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Coin Problem


Let there be n>=2 integers 0<a_1<...<a_n with GCD(a_1,a_2,...,a_n)=1. The values a_i represent the denominations of n different coins, where these denominations have greatest common divisor of 1. The sums of money that can be represented using the given coins are then given by

 N=sum_(i=1)^na_ix_i,
(1)

where the x_i are nonnegative integers giving the numbers of each coin used. If a_1=1, it is obviously possibly to represent any quantity of money N. However, in the general case, only some quantities N can be produced. For example, if the allowed coins are (2,5,10), it is impossible to represent N=1 and 3, although all other quantities can be represented.

Determining the function g(a_1,a_2,...,a_n) giving the greatest N=g(a_1,a_2,...,a_n) for which there is no solution is called the coin problem, or sometimes the money-changing problem. The largest such N for a given problem is called the Frobenius number g(a_1,a_2,...).

The result

g(a_1,a_2)=(a_1-1)(a_2-1)-1
(2)
=a_1a_2-(a_1+a_2)
(3)

(Nijenhuis and Wilf 1972) is mathematical folklore. The total number of such nonrepresentable amounts is given by

 1/2(N+1)=1/2(a_1-1)(a_2-1).
(4)

The largest nonrepresentable amounts g(a_1,a_2) for two coins with denominations a_1 and a_2 are summarized below.

a_1a_2g(a_1,a_2)a_1a_2g(a_1,a_2)
2314717
2534923
2755619
2975723
3455827
3575931
37116729
38137841
310177947
451171053

Fast algorithms are also known for three numbers, but the more general problem for an arbitrary number of numbers is known to be NP-hard if n is fixed (Kannan 1992) or n is variable (Ramírez-Alfonsín 1996).

There is no closed-form solution for n=3, although a semi-explicit solution is known which allows values to be computed quickly ((Selmer and Beyer 1978, Rödseth 1978, Greenberg 1988; Beck and Robins 2006). Values for small a_i are summarized below.

ag(a)ag(a)
(2,3,4)1(2,4,7)5
(2,3,5)1(2,5,6)3
(2,3,6)1(2,5,7)3
(2,3,7)1(2,6,7)5
(2,4,5)3(3,4,5)2

No closed-form solution is known for n>4.


See also

Frobenius Number, Greedy Algorithm, Knapsack Problem, Postage Stamp Problem, Subset Sum Problem

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References

Beck, M. and Robins, S. "The Coin-Exchange Problem of Frobenius." §C1 in Computing the Continuous Discretely. New York: Springer, pp. 3-23, 2006. http://math.sfsu.edu/beck/ccd.html.Berlekamp, E. R.; Conway, J. H; and Guy, R. K. Winning Ways for Your Mathematical Plays, Vol. 2: Games in Particular. London: Academic Press, 1982.Brauer, A. "On a Problem of Partitions." Amer. J. Math. 64, 299-312, 1942.Brauer, A. and Seelbinder, B. M. "On a Problem of Partitions. II." Amer. J. Math. 76, 343-346, 1954.Davison, J. L. "On the Linear Diophantine Problem of Frobenius." J. Number Th. 48, 353-363, 1994.Greenberg, H. "Solution to a Linear Diophantine Equation for Nonnegative Integers." J. Algorithms 9, 343-353, 1988.Guy, R. K. "The Money-Changing Problem." §C7 in Unsolved Problems in Number Theory, 2nd ed. New York: Springer-Verlag, pp. 113-114, 1994.Kannan, R. "Lattice Translates of a Polytope and the Frobenius Problem." Combinatorica 12, 161-177, 1992.Nabiyev, V. V. Algorithms: From Theory to Applications. Ankara, Turkey: Seckin, p. 799, 2007.Nijenhuis, A. "A Minimal-Path Algorithm for the 'Money Changing Problem.' " Amer. Math. Monthly 86, 832-835, 1979.Nijenhuis, A. and Wilf, H. S. "Representations of Integers by Linear Forms in Nonnegative Integers." J. Number Th. 4, 98-106, 1972.Ramírez-Alfonsín, J. L. "Complexity of the Frobenius Problem." Combinatorica 16, 143-147, 1996.Ramírez-Alfonsín, J. L. The Diophantine Frobenius Problem. Oxford, England: Oxford University Press, 2005.Rødseth, Ø. J. "On a Linear Diophantine Problem of Frobenius." J. reine angew. Math. 301, 171-178, 1978.Rødseth, Ø. J. "On a Linear Diophantine Problem of Frobenius. II." J. reine angew. Math. 307/308, 431-440, 1979.Selmer, E. S. "The Linear Diophantine Problem of Frobenius." J. reine angew. Math. 293/294, 1-17, 1977.Selmer, E. S. and Beyer, Ö. "On the Linear Diophantine Problem of Frobenius in Three Variables." J. reine angew. Math. 301, 161-170, 1978.Sylvester, J. J. "Question 7382." Mathematical Questions from the Educational Times 41, 21, 1884. Wagon, S. "Greedy Coins." http://library.wolfram.com/infocenter/MathSource/5187/.Wilf, H. "A Circle of Lights Algorithm for the 'Money Changing Problem.' " Amer. Math. Monthly 85, 562-565, 1978.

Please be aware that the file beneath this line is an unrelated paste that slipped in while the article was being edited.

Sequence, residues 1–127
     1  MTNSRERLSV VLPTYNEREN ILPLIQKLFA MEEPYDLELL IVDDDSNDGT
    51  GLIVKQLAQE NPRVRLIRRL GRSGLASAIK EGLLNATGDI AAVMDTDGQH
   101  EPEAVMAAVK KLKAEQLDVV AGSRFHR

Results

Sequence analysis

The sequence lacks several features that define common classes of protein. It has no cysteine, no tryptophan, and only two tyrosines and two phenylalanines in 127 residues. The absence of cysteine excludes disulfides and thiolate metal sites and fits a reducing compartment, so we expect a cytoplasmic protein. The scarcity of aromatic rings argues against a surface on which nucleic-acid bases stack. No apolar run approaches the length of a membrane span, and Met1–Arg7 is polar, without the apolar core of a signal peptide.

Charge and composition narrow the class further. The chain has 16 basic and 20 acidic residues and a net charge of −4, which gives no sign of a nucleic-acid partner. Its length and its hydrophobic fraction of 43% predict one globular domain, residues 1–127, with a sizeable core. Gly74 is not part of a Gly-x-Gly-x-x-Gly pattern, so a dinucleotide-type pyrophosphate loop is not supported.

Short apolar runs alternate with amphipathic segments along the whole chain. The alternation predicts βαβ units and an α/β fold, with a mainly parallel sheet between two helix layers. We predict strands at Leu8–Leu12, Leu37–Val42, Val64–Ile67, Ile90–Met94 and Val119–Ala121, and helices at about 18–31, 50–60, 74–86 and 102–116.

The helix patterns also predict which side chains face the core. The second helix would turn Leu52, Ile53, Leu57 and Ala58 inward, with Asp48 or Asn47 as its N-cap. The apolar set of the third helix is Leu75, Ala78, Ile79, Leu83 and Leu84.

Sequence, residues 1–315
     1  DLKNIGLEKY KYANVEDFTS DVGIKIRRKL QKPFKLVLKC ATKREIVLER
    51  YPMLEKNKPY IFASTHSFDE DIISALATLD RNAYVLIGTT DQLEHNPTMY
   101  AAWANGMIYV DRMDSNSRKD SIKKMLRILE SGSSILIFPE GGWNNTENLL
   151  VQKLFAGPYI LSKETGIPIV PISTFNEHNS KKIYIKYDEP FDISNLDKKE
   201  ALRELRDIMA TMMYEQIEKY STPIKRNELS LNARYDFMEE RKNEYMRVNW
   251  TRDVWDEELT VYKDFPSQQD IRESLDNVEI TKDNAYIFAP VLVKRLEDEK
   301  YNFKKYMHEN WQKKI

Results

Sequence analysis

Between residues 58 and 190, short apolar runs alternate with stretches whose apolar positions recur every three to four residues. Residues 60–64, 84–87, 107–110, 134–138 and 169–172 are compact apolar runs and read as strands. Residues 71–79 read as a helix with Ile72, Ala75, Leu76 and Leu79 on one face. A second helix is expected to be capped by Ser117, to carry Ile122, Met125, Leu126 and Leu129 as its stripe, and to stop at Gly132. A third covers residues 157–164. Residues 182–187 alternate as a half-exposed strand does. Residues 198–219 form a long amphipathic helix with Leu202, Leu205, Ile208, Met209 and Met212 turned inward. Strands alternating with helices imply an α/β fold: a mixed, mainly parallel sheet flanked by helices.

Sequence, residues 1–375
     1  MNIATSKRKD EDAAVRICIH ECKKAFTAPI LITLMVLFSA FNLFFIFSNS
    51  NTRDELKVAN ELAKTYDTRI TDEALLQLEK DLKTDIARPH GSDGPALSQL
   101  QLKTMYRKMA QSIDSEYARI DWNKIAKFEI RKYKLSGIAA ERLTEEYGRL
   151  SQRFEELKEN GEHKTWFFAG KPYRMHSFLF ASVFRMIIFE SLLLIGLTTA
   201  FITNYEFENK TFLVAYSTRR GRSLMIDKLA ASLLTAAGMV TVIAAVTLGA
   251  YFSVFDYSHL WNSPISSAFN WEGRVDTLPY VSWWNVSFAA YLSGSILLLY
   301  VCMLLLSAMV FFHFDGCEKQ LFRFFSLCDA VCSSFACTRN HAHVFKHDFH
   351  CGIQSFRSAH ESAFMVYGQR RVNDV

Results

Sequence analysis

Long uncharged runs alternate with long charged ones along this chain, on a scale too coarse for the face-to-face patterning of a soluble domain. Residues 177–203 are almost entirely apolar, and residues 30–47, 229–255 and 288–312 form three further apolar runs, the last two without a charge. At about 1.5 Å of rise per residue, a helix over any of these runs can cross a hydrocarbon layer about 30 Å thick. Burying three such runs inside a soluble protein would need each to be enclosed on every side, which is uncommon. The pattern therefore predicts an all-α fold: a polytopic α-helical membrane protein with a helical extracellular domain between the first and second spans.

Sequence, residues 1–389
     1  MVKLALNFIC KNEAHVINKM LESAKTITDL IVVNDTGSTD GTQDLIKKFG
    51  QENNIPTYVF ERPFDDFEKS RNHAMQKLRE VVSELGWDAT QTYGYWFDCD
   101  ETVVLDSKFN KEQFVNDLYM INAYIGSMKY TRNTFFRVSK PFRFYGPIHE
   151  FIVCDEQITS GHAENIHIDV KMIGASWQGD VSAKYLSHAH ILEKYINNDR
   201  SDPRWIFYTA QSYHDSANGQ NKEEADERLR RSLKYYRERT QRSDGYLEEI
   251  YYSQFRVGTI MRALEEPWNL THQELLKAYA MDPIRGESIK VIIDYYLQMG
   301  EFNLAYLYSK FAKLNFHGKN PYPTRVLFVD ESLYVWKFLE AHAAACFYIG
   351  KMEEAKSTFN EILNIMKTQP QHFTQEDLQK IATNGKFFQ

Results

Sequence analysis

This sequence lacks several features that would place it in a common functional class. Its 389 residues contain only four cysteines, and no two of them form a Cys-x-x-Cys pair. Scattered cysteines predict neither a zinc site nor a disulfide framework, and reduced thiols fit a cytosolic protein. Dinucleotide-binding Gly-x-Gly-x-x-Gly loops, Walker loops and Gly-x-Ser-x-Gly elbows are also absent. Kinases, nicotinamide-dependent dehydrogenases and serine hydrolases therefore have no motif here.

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Coin Problem

Cite this as:

Weisstein, Eric W. "Coin Problem." From MathWorld--A Wolfram Web Resource. https://mathworld.wolfram.com/CoinProblem.html

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